Because, kiddo. Sometimes, things hurt. Sometimes, things hurt really badly, so badly that you need it to stop and you can’t think of anything else but not hurting anymore and its sucks, honey, it really does, but sometimes things hurt. And when they hurt badly, we have to understand it’s time to say goodbye. The Tree and Grandma Helen and Fred and Red need us to watch over them, this time. Sometimes, things hurt and we become the Tree.

And now in heaven, it’s snowing and they’re watching over you again, thankful you said goodbye.



I’ve grown up hearing things about soulmates, how there’s a pefect match out there for everyone.

Because of this, if I believed in soulmates, I’d imagine souls to look sort of like a yin-yang symbol.

For every yin, there’s a yang and they fit together. The two halves are magnetized, there’s a pull, a tug, and you know, you just fucking know in your core that there’s something going on here.

You might not know how to deal with it. In fact, I’d be willing to bet you don’t. You’ll be scared; the fear and love scale converges. Extremes are more alike than you’d expect because radicalism is radicalism no matter if you’re a left-extremist or a right-extremist, and love? It’s radical.

You’ll wanna write it off as something else, as a fluke. Those butterflies were just butterflies, nothing more. But they weren’t. They were so much more than butterflies.

It was the tug of your heartstrings. Your soul is blind, and so is love, and your heart’s just the guide-dog Nurtured by your Nature describing the sunrise to you.

It’s the last dredges of your coffee, the final sip that tastes better than anything else. It’s the moment a dog finally catches its tail and the moment a squirrel finds the nut it hid away for winter oh so many years ago.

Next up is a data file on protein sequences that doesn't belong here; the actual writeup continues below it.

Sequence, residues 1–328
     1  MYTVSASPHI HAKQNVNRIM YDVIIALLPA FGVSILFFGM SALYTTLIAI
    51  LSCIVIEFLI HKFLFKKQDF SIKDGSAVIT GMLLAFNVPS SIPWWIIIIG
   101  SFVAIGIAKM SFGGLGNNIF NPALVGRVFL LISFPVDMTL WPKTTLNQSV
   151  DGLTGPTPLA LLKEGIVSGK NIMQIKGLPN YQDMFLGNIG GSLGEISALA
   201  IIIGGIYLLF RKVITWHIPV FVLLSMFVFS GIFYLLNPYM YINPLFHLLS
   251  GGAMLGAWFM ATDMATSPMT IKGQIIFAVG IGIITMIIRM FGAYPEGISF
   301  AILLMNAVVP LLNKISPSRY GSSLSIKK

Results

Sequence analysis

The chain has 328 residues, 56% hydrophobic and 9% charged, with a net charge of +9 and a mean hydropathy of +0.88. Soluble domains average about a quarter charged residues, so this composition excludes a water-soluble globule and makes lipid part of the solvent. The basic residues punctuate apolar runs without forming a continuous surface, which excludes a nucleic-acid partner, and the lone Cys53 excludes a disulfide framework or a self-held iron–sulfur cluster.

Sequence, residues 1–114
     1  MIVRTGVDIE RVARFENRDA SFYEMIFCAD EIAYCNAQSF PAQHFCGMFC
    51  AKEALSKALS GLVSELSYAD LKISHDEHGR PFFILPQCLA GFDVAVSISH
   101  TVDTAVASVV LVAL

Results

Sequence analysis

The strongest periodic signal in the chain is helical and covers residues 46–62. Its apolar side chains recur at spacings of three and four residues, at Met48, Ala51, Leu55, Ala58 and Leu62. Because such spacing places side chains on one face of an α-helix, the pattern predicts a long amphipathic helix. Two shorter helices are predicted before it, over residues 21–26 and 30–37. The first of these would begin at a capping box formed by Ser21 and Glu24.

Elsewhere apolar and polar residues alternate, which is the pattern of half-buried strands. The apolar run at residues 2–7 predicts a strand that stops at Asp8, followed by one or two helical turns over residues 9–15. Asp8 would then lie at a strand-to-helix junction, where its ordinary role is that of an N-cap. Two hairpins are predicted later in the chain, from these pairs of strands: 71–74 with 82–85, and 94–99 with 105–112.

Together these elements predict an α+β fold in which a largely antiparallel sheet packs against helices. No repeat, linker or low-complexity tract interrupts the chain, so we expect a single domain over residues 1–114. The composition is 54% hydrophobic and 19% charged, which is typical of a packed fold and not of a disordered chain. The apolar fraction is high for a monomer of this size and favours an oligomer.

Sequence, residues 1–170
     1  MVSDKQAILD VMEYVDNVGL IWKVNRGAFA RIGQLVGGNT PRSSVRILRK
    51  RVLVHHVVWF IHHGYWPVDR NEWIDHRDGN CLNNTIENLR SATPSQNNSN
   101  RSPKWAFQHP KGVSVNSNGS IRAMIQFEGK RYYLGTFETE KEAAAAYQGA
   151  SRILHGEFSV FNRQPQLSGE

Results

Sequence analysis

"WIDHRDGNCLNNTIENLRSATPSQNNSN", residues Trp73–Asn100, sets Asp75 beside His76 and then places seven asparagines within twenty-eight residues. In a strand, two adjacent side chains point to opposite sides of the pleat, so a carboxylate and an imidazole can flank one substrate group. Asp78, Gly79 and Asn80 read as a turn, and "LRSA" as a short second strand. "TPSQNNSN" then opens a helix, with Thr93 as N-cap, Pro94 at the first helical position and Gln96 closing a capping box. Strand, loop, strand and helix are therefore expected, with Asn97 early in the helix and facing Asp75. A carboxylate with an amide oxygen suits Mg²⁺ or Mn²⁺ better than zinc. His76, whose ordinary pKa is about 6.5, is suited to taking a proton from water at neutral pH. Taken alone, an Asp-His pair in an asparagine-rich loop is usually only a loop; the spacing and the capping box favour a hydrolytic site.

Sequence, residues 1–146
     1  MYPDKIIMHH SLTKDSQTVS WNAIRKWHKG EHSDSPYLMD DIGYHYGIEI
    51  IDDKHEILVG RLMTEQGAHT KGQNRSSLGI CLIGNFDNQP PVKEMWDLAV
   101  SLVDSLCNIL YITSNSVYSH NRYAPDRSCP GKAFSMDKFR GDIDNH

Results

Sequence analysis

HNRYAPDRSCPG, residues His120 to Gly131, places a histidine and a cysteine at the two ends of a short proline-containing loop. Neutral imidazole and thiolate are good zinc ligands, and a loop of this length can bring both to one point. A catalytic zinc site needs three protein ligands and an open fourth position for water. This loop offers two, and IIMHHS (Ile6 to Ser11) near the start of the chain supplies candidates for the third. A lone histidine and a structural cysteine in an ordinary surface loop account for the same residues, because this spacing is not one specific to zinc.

It feels like a cool autumn night spent wrapped in a too-old sweatshirt looking out at the stars from your favorite swing.

It smells like that one day you raced around the track and found the honeysuckle bush behind the dugout, saw the bees flitting from bud to bud, never noticing the hoard of children sitting quietly, watching, listening.

I can hear the piano’s haunting melody in the background and I’m looking at you, hearing you, and I know the sun’s rising on a new Day. I don’t have to see.

Have I ever told you that sight is my favorite sense? Without it, I’d be lost.

I wouldn’t be able to see the colors of the world. I’ve always had trouble with colors. Reds and oranges look a little too similar late at night, and white and black are the same aren’t they?

The presence of light is the lack of light in a different place.

The soul is blind; the yin and the yang are both black, both white.

You might not know how to deal with the way your head is tugged when she walks past you, or the way butterflies have evolved into whales swimming against the tide in churning, grey oceans. They have to come up for air sometime, but it’s dangerous. Storms are brewing. The guide-dog can’t see.

And you’ll breathe, you’ll be scared, but in that moment you’ll know.